In 2013, the Los Angeles Unified School District (LAUSD) committed over $1 billion for a silver bullet – to put aniPads in EDU iPad in the hands of each and every student in the district. Long story short, the initial roll-out proved to be a major failure and not because the devices lacked in performance. One of the key problems was that teachers only received a few days of training on the devices. Perhaps even more critical is the fact that, according to a published report by the OECD, “there is little solid evidence that greater computer use among students leads to better scores in mathematics and reading.”

This is, unfortunately, an incredibly expensive case for the importance of having underlying purpose, strategy, and plan before enlisting the use of pricey and comprehensive tools. According to Michael Horn, executive director of the education program at the Clayton Christensen Institute, “Districts are starting with the technology [tool] and not asking themselves: ‘What problem are we trying to solve, and what’s the instructional model we need to solve it?’ and then finding the technology [tool] in service of that.”

Until education identifies a problem and/or opportunity that requires technology as a means [tool] to address it, any implementation or mandated use of these tools and/or apps will be underutilized and run the serious risk of creating more problems than it even stood the chance to solve. In the case of the LAUSD, teachers reported significant levels of frustration, the iPads required more bandwidth than was readily available, and last by not least, it cost the district a significant amount of money (total proposed expenditure was estimated to be $1.3 billion when the entire project was complete).

Problems and opportunities must drive our need for tools. Tools are developed in response to and in order to solve problems. Purchasing a tool without a problem to solve or an opportunity to pursue is like buying a hammer and not having a nail to hit.

Consider these steps next time you are faced with this dilemma.

  • Identify the problems and opportunities in your school that you need to address – pick 1!
  • If you do not already have a model for addressing your problem/opportunity, design one that you and your team have the capacity and ability to execute
  • If you are struggling to identify or design a strategy, then learn more about your problem or opportunity and understand it in depth – talk to people impacted by problem/opportunity, talk to potential users of solution, look for existing research
  • With a strategy/approach set, Identify and evaluate the tools available to help you execute – what are others doing in your field and consider what are others outside of your field are doing with similar problems
  • Finally, select and employ the tools that best fit/align with your particular plan and people; be open to switching tools when necessary – problems and opportunities evolve and so will your needs

Lastly, do keep in mind that most tech tools today come and go rather quickly, so while you are learning about your problem or opportunity and designing a plan, new and better tools may emerge that you will be better positioned to enjoy.

The Problem with the Silver Bullet

silver bulletWhat is a silver bullet? According to Google, it is “a simple and seemingly magical solution to a complicated problem.”

The problem is that when the problem is complicated, as the definition states, it is likely to have a multitude of variables that behave in many different ways and at times, unpredictably. If you think of all of these moving parts as a moving target, the bullet isn’t really the solution, but rather a tool, and it is the shooter who becomes most important. What this suggests is that we need to stop looking for magical solutions and instead focus on developing and motivating skilled, talented, and creative professionals to solve some of our most difficult problems.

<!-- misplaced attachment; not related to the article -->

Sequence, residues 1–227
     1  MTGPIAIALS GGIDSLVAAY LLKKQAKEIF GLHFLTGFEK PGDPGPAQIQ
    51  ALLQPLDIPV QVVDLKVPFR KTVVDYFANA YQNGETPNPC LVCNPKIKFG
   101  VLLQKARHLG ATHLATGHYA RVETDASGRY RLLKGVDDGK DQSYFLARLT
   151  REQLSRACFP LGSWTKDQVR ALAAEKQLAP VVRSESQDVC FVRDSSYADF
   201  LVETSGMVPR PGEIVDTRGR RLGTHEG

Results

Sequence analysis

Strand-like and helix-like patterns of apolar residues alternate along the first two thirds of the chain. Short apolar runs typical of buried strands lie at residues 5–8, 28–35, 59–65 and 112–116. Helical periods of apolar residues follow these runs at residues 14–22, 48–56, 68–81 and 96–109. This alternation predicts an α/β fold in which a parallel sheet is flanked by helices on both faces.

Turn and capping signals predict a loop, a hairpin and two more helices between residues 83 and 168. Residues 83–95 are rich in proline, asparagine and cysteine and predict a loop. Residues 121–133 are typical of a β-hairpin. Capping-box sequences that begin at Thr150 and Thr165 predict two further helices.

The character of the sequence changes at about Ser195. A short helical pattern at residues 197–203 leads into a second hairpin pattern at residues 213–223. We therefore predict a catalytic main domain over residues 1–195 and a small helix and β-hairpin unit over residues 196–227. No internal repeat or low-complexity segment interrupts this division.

Nevertheless, we look for silver bullets. We are intrigued by and hopeful that we will be able to find a one-size-fits-all solution that can address an entire organization or industry’s woes. We hope that somewhere out there, there is a recipe and/or a state-of-the-art tool that solves a complicated problem for us so easily that even a caveman can do it. We want to believe that we could just write a big check and purchase the proverbial silver bullet. This isn’t a bad dream…for the maker of the silver bullet, this stands to be a profitable product, and for the buyer, it’s a guaranteed way to become a hero. It seems that everyone wins.

The problem, as I stated before, is that it just isn’t that simple. Complicated problems are like moving targets. At best, there are several regular bullets (i.e. tools, recipes, etc.) and the shooter or the professional is the most important part of the solution. If the silver bullet were real, we would not need professionals in our organizations. The mere talk of a silver bullet undermines our skilled, talented, and creative professionals as it reduces them to robots blindly following an algorithm. This attitude and resulting culture will have a significant negative impact on motivation, at all levels of your organizations. Furthermore, it destroys innovation and ingenuity because the responsibility of solving problems is left to those who can purchase the silver bullets, so what is the use of hypothesizing, testing, and building new solutions.

Jack Welch, the former CEO of General Electric (GE), believed everyone all the way down to the assembly line was responsible for solving problems at GE. In fact, he believed the people on the assembly line were better positioned to solve problems than the people who managed them. He would often walk the assembly lines asking people directly what they thought could be done better. As simple as it may seem, asking the question, “what do you think?” cultivated a strong culture of innovation by drawing solutions from all people in the organization. This question also motivated his people by empowering them to contribute to the greater mission of GE. People who understand how and feel that their work contributes to the overall company are more engaged, satisfied, and loyal. The result for Jack Welch was one of the largest, most successful, and innovative companies of all time, whose stock value rose 4,000% during his 20 year tenure. Jack Welch did not believe in silver bullets, he believed in people.

Empower your people to solve problems for your organization instead of shopping around for a silver bullet. Your people will be the ones to best positioned to decide what the best tools are for solving complicated problems and how and when to apply them. Create a culture of innovation where everyone is a part of the solution.